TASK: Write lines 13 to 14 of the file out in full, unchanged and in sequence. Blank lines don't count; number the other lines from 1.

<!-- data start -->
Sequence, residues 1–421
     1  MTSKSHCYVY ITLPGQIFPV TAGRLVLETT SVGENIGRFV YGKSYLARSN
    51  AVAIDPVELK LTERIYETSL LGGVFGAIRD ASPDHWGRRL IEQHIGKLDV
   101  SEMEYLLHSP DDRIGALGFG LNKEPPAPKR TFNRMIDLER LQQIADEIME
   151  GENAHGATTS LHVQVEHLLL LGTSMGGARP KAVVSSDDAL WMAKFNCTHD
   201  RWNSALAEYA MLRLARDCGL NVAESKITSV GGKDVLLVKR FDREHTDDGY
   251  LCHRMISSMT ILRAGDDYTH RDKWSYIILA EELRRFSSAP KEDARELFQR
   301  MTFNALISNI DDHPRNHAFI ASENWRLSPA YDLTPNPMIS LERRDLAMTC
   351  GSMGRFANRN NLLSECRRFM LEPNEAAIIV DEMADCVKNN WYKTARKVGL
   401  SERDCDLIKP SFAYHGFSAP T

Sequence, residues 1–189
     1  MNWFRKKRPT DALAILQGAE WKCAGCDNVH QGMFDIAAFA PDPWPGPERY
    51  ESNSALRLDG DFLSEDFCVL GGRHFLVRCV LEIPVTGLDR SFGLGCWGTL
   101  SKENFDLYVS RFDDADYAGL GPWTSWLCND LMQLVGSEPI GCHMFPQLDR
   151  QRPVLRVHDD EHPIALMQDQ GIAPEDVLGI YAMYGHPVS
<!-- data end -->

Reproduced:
    51  ESNSALRLDG DFLSEDFCVL GGRHFLVRCV LEIPVTGLDR SFGLGCWGTL
   101  SKENFDLYVS RFDDADYAGL GPWTSWLCND LMQLVGSEPI GCHMFPQLDR